What do you think of poaching
No business with wild animals!
What vacationers can do to curb poaching and the illegal wildlife trade
Today around 35,000 elephants are murdered for their tusks every year. Processed, for example into jewelry, ivory or other wild animal products are sold to tourists. More about souvenirs, food, shows & Co. in our holiday tips.
Ivory jewelry for sale in a street market in Myanmar - Photo: International Fund for Animal Welfare Animal Rescue Blog
Ranger on dangerous duty
Heavily armed poachers target ivory and rhinoceros. In the profit-driven hunt for endangered wild animals, many do not shy away from attacking people. Every year in Kenya up to three rangers die in firefights with people who are poaching. With an aid fund, NABU International supports injured or killed rangers and their survivors financially.
Find out about endangered species and poaching in the holiday country before you leave, for example from the International Union for Conservation of Nature (IUCN), which also draws up the Red List of Endangered Species.
No photos provided please!
Avoid petting or photo sessions with wild animals (big cats, monkeys, riding elephants or ostriches), as this could result in illegal trade and cruelty to animals!
No deadly souvenirs!
Do not buy live or dead wildlife or wildlife products! There are fewer bloody and therefore more beautiful souvenirs than those made from plants and animals. Avoid ivory, corals, clams, seahorses, hides, skins, corals and bones!
Avoid circus-style attractions!
Avoid events and attractions where animals are tourist attractions or are shown in a circus style, as this is unnatural and inappropriate for the species and does not contribute to conservation or education. In addition to the harmful effects on the animals' health, these "attractions" can also pose a threat to tourists, for example through accidents, direct attacks and disease transmission.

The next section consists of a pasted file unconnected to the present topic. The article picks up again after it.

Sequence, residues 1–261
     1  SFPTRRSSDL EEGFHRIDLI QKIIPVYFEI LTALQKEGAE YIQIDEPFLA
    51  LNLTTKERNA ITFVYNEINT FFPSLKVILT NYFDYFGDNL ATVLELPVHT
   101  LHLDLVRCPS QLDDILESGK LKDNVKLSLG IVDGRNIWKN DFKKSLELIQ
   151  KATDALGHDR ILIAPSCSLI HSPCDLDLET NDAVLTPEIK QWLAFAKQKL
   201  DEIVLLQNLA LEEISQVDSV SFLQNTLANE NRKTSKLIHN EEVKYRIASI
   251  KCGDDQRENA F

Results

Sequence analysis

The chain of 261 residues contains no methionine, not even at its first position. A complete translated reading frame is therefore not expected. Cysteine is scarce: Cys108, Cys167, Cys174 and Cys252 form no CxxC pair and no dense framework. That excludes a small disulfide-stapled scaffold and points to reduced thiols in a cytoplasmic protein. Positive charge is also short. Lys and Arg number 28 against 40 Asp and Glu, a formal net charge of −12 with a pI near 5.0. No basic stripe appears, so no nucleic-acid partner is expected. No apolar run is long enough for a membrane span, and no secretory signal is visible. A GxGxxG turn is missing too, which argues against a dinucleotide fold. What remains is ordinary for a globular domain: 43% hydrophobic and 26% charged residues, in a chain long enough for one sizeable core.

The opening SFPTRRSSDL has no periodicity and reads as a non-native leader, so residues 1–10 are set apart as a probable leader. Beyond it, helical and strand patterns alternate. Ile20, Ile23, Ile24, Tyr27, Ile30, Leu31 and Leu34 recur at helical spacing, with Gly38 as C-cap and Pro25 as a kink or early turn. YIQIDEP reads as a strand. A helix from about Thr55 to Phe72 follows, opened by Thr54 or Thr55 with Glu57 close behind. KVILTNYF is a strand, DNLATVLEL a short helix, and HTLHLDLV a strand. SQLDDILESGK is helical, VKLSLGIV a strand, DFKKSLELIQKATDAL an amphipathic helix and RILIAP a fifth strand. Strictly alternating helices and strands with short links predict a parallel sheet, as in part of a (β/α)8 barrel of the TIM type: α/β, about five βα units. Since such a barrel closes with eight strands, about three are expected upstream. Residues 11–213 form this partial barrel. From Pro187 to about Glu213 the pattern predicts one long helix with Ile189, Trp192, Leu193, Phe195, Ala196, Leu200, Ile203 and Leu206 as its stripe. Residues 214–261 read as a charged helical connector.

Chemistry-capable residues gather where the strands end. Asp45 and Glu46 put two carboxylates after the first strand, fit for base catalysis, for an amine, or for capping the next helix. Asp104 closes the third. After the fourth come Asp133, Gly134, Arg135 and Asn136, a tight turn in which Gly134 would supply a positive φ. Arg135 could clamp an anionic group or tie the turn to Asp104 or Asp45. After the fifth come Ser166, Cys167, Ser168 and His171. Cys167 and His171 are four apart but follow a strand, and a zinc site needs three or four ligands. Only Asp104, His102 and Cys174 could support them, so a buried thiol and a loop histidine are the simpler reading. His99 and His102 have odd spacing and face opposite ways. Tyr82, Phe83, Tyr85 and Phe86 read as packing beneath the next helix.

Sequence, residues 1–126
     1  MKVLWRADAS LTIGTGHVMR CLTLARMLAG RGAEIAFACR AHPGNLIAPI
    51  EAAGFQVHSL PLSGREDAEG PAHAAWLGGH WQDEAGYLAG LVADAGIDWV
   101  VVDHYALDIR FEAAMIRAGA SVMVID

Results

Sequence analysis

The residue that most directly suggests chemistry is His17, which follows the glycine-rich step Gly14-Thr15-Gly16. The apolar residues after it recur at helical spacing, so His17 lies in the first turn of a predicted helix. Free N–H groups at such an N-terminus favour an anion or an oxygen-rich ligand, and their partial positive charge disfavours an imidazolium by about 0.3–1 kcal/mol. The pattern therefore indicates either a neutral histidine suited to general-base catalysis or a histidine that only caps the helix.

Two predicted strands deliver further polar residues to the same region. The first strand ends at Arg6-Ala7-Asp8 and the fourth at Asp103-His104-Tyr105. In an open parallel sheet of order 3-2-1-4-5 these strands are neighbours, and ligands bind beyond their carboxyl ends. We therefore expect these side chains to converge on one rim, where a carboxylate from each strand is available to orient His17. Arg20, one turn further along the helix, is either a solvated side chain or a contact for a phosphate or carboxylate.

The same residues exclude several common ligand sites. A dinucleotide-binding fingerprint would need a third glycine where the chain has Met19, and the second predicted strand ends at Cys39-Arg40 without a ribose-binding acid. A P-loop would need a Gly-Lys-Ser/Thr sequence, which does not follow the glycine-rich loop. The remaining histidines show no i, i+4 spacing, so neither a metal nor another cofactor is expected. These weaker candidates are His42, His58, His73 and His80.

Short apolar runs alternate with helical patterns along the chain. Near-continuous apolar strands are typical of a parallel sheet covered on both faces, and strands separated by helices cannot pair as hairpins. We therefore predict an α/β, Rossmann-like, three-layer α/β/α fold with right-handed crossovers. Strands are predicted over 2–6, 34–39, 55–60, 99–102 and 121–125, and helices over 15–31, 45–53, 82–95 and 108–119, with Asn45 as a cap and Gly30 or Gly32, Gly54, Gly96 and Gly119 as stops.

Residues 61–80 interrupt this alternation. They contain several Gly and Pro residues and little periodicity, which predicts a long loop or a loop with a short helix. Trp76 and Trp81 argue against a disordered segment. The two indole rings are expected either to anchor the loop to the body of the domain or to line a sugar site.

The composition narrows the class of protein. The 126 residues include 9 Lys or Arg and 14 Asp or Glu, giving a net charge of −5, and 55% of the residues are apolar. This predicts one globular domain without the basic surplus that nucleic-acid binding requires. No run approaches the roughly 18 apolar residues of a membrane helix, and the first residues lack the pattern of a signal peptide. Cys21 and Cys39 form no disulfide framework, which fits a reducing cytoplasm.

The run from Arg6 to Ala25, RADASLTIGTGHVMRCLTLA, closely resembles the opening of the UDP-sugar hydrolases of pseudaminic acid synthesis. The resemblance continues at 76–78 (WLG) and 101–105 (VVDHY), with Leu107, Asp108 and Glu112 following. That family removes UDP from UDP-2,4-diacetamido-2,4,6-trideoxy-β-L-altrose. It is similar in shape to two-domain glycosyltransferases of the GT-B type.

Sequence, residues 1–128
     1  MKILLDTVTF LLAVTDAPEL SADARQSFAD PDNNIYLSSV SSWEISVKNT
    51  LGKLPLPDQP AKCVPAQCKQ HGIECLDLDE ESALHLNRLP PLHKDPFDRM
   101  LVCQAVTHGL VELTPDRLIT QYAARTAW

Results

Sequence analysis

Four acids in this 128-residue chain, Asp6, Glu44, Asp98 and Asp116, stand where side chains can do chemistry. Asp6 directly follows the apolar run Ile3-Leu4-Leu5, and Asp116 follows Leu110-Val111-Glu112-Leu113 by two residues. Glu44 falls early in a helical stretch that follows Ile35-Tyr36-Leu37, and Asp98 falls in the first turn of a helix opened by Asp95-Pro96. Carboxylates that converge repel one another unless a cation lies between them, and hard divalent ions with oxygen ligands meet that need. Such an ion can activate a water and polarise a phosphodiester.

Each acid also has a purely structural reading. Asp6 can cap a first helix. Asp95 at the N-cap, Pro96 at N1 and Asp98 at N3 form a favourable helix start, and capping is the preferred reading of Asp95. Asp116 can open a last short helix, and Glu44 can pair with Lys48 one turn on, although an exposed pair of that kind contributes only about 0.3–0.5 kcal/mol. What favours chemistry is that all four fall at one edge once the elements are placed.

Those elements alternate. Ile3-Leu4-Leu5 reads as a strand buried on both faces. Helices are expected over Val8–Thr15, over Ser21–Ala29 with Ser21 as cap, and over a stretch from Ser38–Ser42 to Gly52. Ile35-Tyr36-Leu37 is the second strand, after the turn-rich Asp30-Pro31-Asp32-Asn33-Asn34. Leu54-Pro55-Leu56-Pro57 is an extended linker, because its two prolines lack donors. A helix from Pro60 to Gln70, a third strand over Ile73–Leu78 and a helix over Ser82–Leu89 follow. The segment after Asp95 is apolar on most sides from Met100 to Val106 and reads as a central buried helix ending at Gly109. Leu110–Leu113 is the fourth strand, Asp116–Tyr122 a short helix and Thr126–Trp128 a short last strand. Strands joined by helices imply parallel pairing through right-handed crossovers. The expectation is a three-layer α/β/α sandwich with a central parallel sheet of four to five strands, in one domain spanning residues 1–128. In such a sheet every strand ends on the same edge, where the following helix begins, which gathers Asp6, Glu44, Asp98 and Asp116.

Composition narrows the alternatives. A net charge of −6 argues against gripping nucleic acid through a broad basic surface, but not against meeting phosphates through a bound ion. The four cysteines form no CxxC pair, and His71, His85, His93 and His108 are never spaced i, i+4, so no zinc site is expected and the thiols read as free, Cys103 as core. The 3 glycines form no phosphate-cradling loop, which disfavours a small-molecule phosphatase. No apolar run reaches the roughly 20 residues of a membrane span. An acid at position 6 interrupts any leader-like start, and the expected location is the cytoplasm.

Many wild animals in captivity are not kept to minimum standards and guidelines for animal care and visitor safety set by recognized organizations such as the World Association for Zoos and Aquariums (WAZA). In this regard, please also pay close attention to the tour operators, hotel complexes etc. who offer such events or even keep wild animals in the holiday complexes. In such cases, please express your criticism to the tour operator and rate these grievances on public platforms!
Coral reef in the Red Sea - Photo: Andreas Metz
No endangered species on the menu!
After safari or whale watching tours, dishes such as whale or dolphin meat, shark fins or turtles are often offered. Be aware that you and the other tourists are promoting whale hunting and animal species extinction by accepting such offers!
Caution - medicine!
Avoid buying and consuming traditional medicines made from animal products. Instead, choose products made from herbal or plant derivatives that are made with respect for the environment.
Marvel at corals - don't damage them!
Be careful not to damage fragile and sensitive corals while diving or snorkeling in reefs. Keep a large safe distance so that you do not cause irreversible damage with your diving fins!
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